Above the LawCalgary residents say police brutality tore their lives apart — and the justice system has failed to hold officers accountable NOW STREAMING ON CBC GEM
Canadians entrust police officers with an enormous amount of power, including the authority to detain a person and use force against them if necessary. But are officers being held to account if they abuse their power? That’s one of the fundamental questions posed by Calgary-born-and-raised filmmakers Marc Serpa Francoeur and Robinder Uppal in Above the Law, an eye-opening investigation into accountability, or lack thereof, in the Calgary Police Service.
Five years in the making, the film unravels the intertwined stories of three individuals who appear to have been the subjects of excessive force at the hands of Calgary police officers.
Godfred Addai-Nyamekye, a 26-year-old student and immigrant from Ghana, says he had his life upended one frigid night in the winter of 2013 when the car he was driving slid off the road and got stuck in the snow. Two police officers arrived on the scene, put him in their vehicle and drove him in the opposite direction of his home. According to court documents, the officers allege Addai-Nyamekye had become aggressive, which he denies.
When the officers left him at a desolate construction site, it was –28 C with the windchill, and Addai-Nyamekye was dressed in only a tracksuit and sneakers. Panicking, he called 911 for help. After nearly 15 minutes, an entirely different officer, Const. Trevor Lindsay, arrived on the scene.
“This is where he almost ended my life,” says Addai-Nyamekye in the film, returning to the site where he was tasered and beaten. Following the incident, Addai-Nyamekye was charged with having assaulted Const. Lindsay.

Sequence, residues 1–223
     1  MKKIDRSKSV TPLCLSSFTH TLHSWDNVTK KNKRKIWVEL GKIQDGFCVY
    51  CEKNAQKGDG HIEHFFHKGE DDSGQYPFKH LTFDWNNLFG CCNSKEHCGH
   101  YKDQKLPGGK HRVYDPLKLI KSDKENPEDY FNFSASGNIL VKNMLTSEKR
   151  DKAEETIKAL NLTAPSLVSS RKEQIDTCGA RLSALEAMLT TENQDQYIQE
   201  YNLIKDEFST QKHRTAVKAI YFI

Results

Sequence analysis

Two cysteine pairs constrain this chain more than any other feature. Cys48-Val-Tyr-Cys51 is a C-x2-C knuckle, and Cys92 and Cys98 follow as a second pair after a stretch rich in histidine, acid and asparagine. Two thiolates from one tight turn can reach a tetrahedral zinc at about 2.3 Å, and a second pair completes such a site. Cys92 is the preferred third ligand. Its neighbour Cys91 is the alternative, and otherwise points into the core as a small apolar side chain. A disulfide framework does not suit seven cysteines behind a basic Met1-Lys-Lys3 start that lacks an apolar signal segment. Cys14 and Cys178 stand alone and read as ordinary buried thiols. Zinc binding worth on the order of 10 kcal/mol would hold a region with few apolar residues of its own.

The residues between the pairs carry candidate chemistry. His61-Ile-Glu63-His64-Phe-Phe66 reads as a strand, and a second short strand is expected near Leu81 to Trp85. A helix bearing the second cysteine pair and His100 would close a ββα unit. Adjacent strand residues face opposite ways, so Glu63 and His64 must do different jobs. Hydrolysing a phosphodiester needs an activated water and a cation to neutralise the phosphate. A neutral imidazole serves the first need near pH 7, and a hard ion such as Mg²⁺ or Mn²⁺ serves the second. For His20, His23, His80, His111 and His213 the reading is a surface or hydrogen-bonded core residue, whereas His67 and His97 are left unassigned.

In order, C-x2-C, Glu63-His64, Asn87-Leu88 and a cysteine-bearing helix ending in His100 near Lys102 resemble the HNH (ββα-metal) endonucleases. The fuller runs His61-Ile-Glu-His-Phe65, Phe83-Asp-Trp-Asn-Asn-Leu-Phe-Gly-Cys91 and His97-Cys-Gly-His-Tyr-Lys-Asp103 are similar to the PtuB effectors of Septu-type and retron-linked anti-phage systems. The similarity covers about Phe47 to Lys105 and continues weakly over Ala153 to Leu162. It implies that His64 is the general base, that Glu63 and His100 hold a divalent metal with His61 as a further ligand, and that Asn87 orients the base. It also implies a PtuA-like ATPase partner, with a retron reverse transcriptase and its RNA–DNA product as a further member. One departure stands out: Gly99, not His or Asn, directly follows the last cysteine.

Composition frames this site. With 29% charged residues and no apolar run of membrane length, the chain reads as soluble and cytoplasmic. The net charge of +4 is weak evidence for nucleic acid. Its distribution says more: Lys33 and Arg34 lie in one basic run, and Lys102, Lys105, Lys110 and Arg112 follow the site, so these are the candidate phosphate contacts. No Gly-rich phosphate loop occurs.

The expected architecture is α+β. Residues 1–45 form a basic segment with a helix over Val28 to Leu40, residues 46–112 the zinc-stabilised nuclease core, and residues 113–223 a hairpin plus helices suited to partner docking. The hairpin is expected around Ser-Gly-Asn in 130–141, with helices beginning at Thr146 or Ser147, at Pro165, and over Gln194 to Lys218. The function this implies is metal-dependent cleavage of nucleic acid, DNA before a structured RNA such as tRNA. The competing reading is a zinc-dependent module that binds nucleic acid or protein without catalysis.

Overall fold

Although Addai-Nyamekye filed a formal complaint with the Calgary Police Service about how he was treated, the officers involved remained on duty. Const. Lindsay went on to be charged with aggravated assault in the May 2015 arrest of Daniel Haworth, the son of a former Calgary police officer. Haworth, who was suspected of theft, was handcuffed at the time of the incident, which left him with a fractured skull and traumatic brain injury.
“Growing up as a kid with my dad as a cop, they were my heroes,” says Robert Haworth, Daniel’s brother. “I couldn’t believe that someone would be handled so aggressively when they were in handcuffs. No one deserves to have that done to them.”
In March of that same year, Anthony Heffernan, a 27-year-old electrician, was fatally shot in his hotel room by one of five Calgary Police Service officers who had been called to check on his well-being. Some of the officers say Heffernan appeared to be in a drug-induced state, refused to drop a lighter and syringe, and moved toward them. But the Heffernan family continues to seek justice for Anthony’s death, which they say is a clear-cut case of excessive force.
“We do not have a just society if police can come to a wellness check, kick in a door and shoot an unarmed man four times,” says his father Patrick Heffernan, a retired high school principal from Prince Albert, Saskatchewan.
Unfortunately, Heffernan’s death is not an isolated occurrence. Recent years have seen Calgary lead the country in police shootings. In 2018, Calgary police officers were responsible for five fatal shootings — more than the Toronto, Vancouver, Ottawa, Winnipeg and Edmonton police combined, and more than either the New York or Chicago police departments. Despite this, Alberta’s police watchdog, the Alberta Serious Incident Response Team, has never charged a Calgary police officer in a fatal shooting.
Featuring disturbing video evidence and powerful interviews with current and former Calgary police chiefs, lawyers, families and a survivor of alleged police brutality, Above the Law raises serious questions about the way the Calgary Police Service handles complaints, the reliability of Alberta’s police oversight mechanisms and the willingness of Crown prosecutors in Alberta to bring charges against police officers.